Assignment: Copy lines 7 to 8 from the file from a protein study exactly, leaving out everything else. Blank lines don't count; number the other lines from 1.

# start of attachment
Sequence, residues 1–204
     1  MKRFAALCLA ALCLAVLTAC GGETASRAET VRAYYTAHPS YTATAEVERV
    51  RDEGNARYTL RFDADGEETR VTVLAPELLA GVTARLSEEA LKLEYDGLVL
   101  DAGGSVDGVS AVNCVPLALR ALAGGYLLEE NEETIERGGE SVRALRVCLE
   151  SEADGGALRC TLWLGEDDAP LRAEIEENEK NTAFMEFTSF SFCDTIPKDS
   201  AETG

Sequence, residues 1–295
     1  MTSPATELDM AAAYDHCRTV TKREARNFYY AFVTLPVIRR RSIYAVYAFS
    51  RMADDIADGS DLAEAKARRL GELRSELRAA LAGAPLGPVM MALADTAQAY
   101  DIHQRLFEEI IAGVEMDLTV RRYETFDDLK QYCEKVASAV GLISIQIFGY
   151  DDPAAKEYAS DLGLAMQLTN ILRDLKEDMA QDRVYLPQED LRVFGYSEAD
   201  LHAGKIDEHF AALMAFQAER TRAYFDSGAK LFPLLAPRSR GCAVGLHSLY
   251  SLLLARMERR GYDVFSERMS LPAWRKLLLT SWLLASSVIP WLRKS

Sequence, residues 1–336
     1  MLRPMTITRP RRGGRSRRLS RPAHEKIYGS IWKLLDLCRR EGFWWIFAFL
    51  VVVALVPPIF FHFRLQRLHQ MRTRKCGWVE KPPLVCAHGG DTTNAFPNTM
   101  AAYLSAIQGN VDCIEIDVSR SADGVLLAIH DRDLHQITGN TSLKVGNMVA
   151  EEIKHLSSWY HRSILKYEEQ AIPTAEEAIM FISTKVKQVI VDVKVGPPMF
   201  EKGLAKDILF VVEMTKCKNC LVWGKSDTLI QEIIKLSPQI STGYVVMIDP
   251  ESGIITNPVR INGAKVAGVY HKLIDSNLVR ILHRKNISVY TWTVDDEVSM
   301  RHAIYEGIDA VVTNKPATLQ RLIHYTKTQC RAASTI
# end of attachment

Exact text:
Sequence, residues 1–295
     1  MTSPATELDM AAAYDHCRTV TKREARNFYY AFVTLPVIRR RSIYAVYAFS